Great American Taxi keyboardist-singer Chad Staehly brings us another tale from GAT’s recent travels.
We had been thinking there needed to be a John Hartford music festival for quite some time so when we heard that John Hotzie was putting one together with the Dillman family at the legendary Bill Monroe Music Park in Bean Blossom, IN, we didn’t even bother asking what they wanted to pay us. We were going to be there regardless.
It turned out that we’d basically be shooting halfway across the country in a matter of four days, a quick in and out with the destination being Bean Blossom. We added two bar gigs in Lincoln, NE and Iowa City to help us make our way to Kalamazoo, MI for a date with our good friends [and Impound favorites] Greensky Bluegrass. We were joining them for night one at their annual event opening up the beer garden at band favorite Bell’s Brewery. We were thinking about the Two-Hearted Ale the whole way.
The trip started in a sort of foreboding way as we discussed what to do with the new songs and record Todd Snider had just helped us produce in East Nashville. What’s a band to do that’s been grinding out 160-plus days on the road for the last few years and selling only several thousand of their last CD release, all the while barely making a living? Do we give the songs/album away? Do we quit touring and become a YouTube band? We discussed our lives and how it fit into the life we’ve built in Great American Taxi. I don’t know that we ever came up with a definite answer after hours of discussion…for now it was onto the next show.
Lincoln and Iowa CIty were just that, a couple of bar gigs, but GAT always manages to have fun each and every night, even when the deck is really stacked against us. We finally had a bunch of ears to play to at Bell’s Brewery and then things started to look a lot better all of the sudden. There was a fun jam at the end of the show with GSBG and a great party at Ander Beck’s (GSBG’s dobro maestro) girlfriend’s place in Kalamazoo. These kinds of nights usually wash away the bar gigs, the hard miles and the mountain we’re usually climbing. Plus, we had the 1st Annual John Hartford Memorial Music Festival the next day. We were headlining the last night of the festival and used the few gigs leading up to it to learn some more Hartford tunes, including “Tall Buildings,” “Up On The Hill Where They Do The Boogie,” “Back In The Goodle Days” and a few others.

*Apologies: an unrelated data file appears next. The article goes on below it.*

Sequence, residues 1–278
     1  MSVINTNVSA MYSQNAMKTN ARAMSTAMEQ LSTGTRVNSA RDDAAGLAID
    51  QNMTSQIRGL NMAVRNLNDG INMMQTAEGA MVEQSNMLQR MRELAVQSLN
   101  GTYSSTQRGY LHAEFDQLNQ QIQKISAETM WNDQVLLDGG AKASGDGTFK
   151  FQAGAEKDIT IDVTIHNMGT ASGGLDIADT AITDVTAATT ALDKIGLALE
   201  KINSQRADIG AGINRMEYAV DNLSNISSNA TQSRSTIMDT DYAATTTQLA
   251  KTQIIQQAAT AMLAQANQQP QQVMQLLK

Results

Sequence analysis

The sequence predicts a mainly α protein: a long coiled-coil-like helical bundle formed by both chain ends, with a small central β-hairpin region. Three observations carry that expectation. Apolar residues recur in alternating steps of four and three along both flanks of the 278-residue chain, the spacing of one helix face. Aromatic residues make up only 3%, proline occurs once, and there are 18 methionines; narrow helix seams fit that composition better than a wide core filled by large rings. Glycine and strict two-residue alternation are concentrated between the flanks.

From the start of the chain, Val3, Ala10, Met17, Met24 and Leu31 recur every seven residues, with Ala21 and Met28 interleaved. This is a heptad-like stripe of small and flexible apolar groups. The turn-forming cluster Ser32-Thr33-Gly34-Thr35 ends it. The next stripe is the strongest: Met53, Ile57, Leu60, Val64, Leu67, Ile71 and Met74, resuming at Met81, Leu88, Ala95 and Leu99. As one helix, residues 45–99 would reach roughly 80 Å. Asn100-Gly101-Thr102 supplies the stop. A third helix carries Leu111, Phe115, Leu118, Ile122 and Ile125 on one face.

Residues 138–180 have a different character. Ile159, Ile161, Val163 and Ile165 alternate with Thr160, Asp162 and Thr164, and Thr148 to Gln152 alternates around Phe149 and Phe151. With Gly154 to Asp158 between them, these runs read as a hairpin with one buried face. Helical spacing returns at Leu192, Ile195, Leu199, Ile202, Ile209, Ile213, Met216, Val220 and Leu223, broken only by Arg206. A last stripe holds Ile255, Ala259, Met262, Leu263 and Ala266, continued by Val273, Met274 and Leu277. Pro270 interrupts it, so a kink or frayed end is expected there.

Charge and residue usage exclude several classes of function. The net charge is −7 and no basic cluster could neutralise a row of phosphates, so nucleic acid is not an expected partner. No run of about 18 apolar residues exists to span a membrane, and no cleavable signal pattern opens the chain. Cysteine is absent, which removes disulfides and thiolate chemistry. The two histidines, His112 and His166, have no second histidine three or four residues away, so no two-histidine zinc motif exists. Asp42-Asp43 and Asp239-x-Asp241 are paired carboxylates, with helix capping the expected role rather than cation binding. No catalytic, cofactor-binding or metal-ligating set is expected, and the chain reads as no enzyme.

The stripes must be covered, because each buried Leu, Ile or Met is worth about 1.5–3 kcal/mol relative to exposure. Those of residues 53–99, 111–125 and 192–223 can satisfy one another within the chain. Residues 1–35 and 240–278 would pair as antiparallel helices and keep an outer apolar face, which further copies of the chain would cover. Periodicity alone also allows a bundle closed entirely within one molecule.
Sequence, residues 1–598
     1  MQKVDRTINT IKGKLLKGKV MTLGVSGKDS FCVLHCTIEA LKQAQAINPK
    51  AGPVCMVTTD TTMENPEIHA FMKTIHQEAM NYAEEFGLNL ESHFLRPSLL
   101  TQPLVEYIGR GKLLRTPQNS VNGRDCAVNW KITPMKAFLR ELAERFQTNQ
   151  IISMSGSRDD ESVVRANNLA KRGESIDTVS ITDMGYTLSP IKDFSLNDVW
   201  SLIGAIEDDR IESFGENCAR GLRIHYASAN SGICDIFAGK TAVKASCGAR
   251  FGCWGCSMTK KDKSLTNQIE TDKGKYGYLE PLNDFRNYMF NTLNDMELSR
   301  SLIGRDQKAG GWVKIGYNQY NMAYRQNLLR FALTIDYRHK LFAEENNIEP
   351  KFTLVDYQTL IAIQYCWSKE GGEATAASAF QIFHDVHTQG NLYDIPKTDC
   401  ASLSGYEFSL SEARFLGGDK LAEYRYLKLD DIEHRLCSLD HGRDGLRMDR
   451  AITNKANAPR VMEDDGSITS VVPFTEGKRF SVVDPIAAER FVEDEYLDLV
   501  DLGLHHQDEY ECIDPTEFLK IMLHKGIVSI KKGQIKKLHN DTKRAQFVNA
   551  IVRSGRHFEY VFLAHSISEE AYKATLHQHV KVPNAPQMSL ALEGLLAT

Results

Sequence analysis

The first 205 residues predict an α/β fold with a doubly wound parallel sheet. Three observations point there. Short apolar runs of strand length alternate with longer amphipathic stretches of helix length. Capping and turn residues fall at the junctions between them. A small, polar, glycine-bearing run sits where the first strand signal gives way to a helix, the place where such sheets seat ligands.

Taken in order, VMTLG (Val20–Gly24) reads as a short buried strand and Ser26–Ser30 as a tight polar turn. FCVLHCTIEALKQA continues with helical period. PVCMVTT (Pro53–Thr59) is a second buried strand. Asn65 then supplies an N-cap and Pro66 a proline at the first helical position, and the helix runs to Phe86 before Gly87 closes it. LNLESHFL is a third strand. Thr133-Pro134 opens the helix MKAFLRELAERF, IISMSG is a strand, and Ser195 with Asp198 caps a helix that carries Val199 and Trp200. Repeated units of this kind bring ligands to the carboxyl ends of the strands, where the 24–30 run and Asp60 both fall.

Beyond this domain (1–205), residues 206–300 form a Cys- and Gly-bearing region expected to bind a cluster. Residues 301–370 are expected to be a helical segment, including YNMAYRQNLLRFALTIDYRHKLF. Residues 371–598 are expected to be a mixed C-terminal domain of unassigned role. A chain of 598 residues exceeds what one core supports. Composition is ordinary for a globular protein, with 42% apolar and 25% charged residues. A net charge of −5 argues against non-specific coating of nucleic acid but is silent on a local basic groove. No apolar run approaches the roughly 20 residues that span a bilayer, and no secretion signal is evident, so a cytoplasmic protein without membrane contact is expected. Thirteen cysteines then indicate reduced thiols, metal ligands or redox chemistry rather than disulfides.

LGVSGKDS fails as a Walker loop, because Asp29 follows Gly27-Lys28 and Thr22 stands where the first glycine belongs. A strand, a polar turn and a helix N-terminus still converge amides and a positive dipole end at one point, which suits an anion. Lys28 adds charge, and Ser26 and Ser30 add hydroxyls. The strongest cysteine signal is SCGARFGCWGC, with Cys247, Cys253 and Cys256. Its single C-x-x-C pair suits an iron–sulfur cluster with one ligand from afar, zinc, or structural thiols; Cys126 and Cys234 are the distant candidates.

This was my first trip to Bean Blossom and it was great to check this one off the list. It’s a great site and you could feel the banjos and mandolins in the air. There was definitely a spirit to the place. We had been hearing how much fun everyone had been having all weekend and how great the weather was. We got there in time to hear Jamie Hartford (John’s son) play as well as Tim O’Brien, Danny Barnes and Bawn In The Mash. By the time our set was coming up, the weather had turned violent and the promoters decided it was best to shut down the main stage. Well shit, we had just driven 1500 miles and played 3 gigs in 3 days to get here and now we were getting shut down on our main set of the whole run.
Luckily our drummer Chris Sheldon had packed up his patented “Banjotron” (this is a drum kit made out of a banjo and a plastic Samsonite brief case – you’ve got to see it to believe it). As a keyboard player who gets left out of most late night “picks,” I’ve been bringing along a melodica (which is basically a keyboard that you blow air through to make the sound) to be able to play some campfire or campground music with all the pickers. Okay, GAT will play unplugged in the pavilion up at the top of the hill. We left the trailer worth of gear tucked away safely from the elements on the main stage and headed for the pavilion.
Within 10 minutes, there was a makeshift plywood stage made out of a couple of tables and the band was getting ready. A few hundred people gathered and Vince led the charge with John Hartford sing-alongs that had everyone grinning and singing (somewhere in the middle of it all you had to think Hartford himself was behind the mischief as it started to just seem too perfect that this was how it was all ending up). In the music business we’ve learned to live by the mantra “improvise, overcome and adapt.” I think most bands would have packed it up and left the festival without playing. GAT ended up playing for the faithful until 2 a.m. and then packed up the trailer. The audience was more than appreciative and we all might have had the best time anyone had all weekend.
We were back on the road by 3:30 a.m. and heading back to Denver. 2600 miles and four shows in four days and we’re back home and still wondering what we should do with the new record and if the band can keep up this kind of pace without anything but the love of music propelling it all. (Chad Staehly)
Take the Impound’s advice and SUPPORT this band. They are the kind of rock ‘n’ roll band folks like to say they don’t make anymore – all the fundamentals in place, chops to spare, giant hearts, sturdy as shit songwriting and charming live performers. Pick up their albums here, and peep their tour dates here.